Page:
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Who is Stefan Jetchick?

The Last Boy Scout
Saint Joan of Arc and the Last Boy Scout.
(Quebec City, February 26, 2004)

A U.S. Marine is never surrounded. It's just that sometimes he has the privilege of being able to attack in any direction he wants.
(U.S.M.C. proverb)

Hello!

My name is Stefan Jetchick. I'm a US citizen (I was born in 1964 in Pennsylvania, USA, the same year as the first flight of my favorite aircraft, the XC-142). I also obtained my Canadian citizenship when I was a teenager (my Dad is an American, but my Mom is French-Canadian). I currently live in Quebec City, Canada.

Here is my favorite picture of myself. It was taken in the wintertime (I love snow and cold weather!), in front of a statue made by an American and donated to the City of Quebec (which nicely symbolizes my dual citizenship), and with a pose that sums up my heart's desire: to be a good boy and to defend the Catholic religion against all its enemies, internal and external (hence the quote at the top of this page!).

The two Polish Cardinals, Stefan Wyszynski and Karol Wojtyla, in 1974.
The two Polish Cardinals, Stefan Wyszynski and Karol Wojtyla, in 1974.

My Dad wanted my first name to be "Stefan" in honor of Cardinal Stefan Wyszynski, because he had stood up to the Communists. My family name is actually spelled "Dzieczyk" in Poland, but unfortunately I can't speak any Polish. You can listen to the correct pronounciation of my family name with an MP3 file (Thanks to Marek Waszkiewicz, Paul Evans' Polish buddy for this).

I currently earn a living as a freelance English-French conference interpreter. Before, I was a C++ programmer, where I worked among others for Hypertherm Plasma Cutting, Inc., (Hanover, NH, USA), CDI (at the Lockheed-Martin plant in Owego, NYS, USA), Berclain, now SSA Global (Quebec City, CAN) and Cybectec (Quebec City, CAN). Many more years ago I taught Philosophy briefly at the Cégep de Sainte-Foy, after having obtained a BA. in Philosophy at Laval University, and tried for a bit less than a year to become an infantry officer in the Canadian Army, after almost joining US Marines.

"Sweat dries. Blood clots. Bones heal.
Suck it up. Be a Christian!"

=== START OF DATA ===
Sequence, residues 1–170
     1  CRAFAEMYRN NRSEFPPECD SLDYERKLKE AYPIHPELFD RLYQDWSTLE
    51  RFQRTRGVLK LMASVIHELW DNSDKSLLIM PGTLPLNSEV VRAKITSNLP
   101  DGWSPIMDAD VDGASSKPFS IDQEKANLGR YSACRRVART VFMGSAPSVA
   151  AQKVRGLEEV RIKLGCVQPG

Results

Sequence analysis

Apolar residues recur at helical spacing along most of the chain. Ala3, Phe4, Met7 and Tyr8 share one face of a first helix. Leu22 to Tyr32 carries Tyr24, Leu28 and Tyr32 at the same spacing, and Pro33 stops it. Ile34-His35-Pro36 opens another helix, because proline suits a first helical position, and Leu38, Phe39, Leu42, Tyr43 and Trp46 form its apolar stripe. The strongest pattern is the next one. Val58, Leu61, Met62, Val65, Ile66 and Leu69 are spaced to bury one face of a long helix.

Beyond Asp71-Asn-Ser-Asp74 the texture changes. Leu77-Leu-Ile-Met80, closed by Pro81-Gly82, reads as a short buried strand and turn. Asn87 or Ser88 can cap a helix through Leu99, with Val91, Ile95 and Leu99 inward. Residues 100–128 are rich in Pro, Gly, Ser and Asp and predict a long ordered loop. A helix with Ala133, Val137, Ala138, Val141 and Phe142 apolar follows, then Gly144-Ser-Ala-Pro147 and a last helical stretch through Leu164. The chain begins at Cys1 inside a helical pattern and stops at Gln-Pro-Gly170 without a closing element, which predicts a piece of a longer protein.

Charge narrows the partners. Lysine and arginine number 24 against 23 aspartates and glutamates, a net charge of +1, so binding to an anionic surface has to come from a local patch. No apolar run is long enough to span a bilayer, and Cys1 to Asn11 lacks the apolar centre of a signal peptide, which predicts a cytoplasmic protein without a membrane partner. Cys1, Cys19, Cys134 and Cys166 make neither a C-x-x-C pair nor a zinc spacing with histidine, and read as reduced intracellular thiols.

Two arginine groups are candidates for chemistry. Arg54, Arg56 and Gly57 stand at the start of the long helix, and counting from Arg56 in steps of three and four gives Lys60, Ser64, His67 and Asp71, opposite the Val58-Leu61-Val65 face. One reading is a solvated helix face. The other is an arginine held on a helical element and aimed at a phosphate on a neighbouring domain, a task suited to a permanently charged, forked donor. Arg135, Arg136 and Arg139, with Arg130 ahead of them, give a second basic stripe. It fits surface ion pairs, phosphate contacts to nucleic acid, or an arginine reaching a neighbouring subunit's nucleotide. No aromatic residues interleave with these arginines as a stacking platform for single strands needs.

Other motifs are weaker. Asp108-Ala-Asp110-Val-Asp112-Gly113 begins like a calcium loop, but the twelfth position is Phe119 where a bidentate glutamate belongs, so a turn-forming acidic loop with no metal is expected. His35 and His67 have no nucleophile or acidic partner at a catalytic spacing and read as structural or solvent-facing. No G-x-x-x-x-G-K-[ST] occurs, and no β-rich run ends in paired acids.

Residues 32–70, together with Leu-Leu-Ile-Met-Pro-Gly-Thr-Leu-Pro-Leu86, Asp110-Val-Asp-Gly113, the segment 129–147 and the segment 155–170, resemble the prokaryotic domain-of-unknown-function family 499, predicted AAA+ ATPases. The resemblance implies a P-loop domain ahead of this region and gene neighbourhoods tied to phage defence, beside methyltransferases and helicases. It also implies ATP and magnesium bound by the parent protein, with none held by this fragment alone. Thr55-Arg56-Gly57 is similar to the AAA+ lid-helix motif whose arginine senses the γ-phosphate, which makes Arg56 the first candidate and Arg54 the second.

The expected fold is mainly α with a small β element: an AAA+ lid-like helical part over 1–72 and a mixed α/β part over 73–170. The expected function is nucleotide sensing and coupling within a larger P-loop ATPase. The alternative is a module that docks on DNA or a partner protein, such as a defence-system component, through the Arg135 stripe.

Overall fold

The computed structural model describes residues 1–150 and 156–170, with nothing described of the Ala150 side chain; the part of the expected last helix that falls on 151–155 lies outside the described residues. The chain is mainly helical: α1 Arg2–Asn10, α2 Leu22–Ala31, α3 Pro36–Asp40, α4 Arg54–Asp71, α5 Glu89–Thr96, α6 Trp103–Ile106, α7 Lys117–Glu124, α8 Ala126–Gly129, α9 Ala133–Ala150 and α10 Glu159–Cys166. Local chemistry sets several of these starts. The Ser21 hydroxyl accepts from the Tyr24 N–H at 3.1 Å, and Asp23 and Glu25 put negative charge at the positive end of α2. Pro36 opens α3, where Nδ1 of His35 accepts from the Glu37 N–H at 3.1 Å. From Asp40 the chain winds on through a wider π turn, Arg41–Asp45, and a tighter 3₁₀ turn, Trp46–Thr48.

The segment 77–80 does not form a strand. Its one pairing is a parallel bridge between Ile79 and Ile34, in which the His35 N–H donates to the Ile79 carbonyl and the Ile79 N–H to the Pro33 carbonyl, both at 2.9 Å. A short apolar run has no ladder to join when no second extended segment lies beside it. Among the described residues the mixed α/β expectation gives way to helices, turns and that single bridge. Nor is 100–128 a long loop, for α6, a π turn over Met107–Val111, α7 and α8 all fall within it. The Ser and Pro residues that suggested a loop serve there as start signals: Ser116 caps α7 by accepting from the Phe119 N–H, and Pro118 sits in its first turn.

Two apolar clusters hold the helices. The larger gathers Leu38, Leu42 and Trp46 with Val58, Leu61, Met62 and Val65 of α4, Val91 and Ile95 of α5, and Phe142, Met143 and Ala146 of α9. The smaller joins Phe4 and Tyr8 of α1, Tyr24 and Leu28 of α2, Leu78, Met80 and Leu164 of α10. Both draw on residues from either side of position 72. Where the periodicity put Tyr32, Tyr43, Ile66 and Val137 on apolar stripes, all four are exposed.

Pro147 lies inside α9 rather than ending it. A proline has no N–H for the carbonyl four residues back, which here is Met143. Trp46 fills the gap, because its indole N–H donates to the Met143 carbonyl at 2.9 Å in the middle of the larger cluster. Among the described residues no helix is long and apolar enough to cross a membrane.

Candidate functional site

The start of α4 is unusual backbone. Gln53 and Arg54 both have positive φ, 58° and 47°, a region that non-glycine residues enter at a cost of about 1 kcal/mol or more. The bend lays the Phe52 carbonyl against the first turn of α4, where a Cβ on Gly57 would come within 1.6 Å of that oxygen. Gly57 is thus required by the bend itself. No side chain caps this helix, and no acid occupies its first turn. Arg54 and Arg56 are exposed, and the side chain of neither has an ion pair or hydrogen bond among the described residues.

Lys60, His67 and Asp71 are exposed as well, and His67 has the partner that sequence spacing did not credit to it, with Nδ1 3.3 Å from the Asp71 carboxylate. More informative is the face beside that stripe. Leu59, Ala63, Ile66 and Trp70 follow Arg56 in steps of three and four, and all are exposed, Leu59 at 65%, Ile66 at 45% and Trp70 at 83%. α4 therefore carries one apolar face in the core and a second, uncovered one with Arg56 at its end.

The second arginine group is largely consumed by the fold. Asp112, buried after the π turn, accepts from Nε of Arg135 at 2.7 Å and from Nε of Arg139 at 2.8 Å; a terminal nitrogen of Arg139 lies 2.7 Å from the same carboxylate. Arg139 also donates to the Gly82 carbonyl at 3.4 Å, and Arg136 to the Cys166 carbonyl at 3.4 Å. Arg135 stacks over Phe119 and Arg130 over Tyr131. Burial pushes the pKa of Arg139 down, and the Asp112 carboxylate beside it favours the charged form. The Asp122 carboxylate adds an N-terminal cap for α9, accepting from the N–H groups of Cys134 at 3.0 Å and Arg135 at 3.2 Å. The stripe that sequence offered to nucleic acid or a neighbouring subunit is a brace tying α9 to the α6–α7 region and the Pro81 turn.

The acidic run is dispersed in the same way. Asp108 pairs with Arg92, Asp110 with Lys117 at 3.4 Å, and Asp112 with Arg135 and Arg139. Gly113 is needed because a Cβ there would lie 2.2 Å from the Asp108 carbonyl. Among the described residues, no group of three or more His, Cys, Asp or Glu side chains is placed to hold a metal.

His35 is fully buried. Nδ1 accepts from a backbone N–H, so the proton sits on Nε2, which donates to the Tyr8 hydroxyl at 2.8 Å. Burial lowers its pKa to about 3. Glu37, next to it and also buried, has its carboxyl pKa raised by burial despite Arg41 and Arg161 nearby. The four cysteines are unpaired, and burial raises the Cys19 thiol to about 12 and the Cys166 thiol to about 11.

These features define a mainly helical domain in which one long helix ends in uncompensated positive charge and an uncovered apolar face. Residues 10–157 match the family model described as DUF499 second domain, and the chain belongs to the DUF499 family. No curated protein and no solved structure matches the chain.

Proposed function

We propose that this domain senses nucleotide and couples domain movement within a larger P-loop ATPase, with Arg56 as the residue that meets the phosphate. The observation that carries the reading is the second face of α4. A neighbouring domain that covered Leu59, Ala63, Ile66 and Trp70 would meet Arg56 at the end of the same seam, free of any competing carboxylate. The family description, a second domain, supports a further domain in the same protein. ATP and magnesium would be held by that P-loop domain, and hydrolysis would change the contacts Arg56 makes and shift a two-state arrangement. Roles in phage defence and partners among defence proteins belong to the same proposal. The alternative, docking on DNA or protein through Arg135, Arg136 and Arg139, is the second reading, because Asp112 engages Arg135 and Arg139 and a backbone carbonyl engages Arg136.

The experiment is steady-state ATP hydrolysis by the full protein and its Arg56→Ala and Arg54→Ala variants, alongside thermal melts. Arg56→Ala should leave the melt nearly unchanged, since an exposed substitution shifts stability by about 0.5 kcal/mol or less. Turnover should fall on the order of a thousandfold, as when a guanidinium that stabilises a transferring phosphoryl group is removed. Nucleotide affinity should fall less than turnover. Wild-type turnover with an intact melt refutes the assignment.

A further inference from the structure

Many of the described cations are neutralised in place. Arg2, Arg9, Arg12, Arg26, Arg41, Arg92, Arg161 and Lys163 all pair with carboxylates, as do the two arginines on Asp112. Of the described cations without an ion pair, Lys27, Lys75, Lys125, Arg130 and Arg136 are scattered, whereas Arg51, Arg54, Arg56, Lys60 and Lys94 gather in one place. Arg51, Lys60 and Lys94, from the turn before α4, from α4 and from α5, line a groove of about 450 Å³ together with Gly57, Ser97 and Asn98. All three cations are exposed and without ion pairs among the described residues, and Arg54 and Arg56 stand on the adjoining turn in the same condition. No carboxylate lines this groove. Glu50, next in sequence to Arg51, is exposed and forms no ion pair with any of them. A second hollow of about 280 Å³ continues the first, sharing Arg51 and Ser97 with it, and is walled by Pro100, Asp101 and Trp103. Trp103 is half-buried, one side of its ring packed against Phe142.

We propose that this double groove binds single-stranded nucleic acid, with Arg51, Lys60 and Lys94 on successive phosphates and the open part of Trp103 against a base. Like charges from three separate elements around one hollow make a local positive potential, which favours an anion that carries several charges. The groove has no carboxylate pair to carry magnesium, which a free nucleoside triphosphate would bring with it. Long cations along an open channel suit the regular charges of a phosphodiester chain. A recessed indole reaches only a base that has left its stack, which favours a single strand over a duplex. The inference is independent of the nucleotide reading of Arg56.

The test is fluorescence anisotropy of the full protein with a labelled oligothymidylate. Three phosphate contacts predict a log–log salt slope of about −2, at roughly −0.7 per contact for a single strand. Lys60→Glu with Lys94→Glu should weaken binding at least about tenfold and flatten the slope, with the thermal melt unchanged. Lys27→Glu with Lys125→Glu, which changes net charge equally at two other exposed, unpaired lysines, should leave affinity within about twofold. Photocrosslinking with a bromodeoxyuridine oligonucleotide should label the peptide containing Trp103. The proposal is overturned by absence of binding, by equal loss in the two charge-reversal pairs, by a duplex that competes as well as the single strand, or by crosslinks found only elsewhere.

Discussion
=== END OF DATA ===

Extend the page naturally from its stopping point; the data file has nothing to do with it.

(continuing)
I was raised a Catholic, but I consider that I actually converted to the Catholic Faith when I was 18 years old. Soon after, I had the impression that I was called to the Priesthood. I made a few attempts, mostly the Dominicans (in Ottawa, CAN), the Quebec Seminary (through the Laval University Faculty of Theology) and the Legionaries of Christ.

The outcome of those unsuccessful attempts probably shaped the rest of my life. You could say my naive opinions about myself and the Catholic Church were shattered. I had run up against two huge obstacles: the corruption of some religious leaders inside the Catholic Church (see among others FAQ #7), and my own shortcomings. I've been trying to overcome these obstacles ever since, hoping that someday I'll be able to become a Brother or a Priest.

Over a year ago, while my fortieth birthday loomed, I figured I had ruined my life: no wife and kids, no Priesthood, no career, nothing. So I decided that, since I didn't have anything to lose anymore, I might as well say out loud what I considered to be the Truth!

And I've been having fun ever since! :-)

Régiment de Carignan-Salières.

True; all my elegances are within.
I do not prank myself out, puppy-like;
My toilet is more thorough, if less gay;
I would not sally forth -- a half-washed-out
Affront upon my cheek -- a conscience
Yellow-eyed, bilious, from its sodden sleep,
A ruffled honor, ... scruples grimed and dull!
I show no bravery of shining gems.
Truth, Independence, are my fluttering plumes.
'Tis not my form I lace to make me slim,
But brace my soul with efforts as with stays,
Covered with exploits, not with ribbon-knots,
My spirit bristling high like your mustaches,
I, traversing the crowds and chattering groups
Make Truth ring bravely out like clash of spurs!
[Cyrano de Bergerac, Act 1, Scene 4]

 

My son, when you come to serve the LORD, prepare yourself for trials.
Be sincere of heart and steadfast, undisturbed in time of adversity.
Cling to him, forsake him not; thus will your future be great.
Accept whatever befalls you, in crushing misfortune be patient;
For in fire gold is tested, and worthy men in the crucible of humiliation.
[Si 2:1-5]

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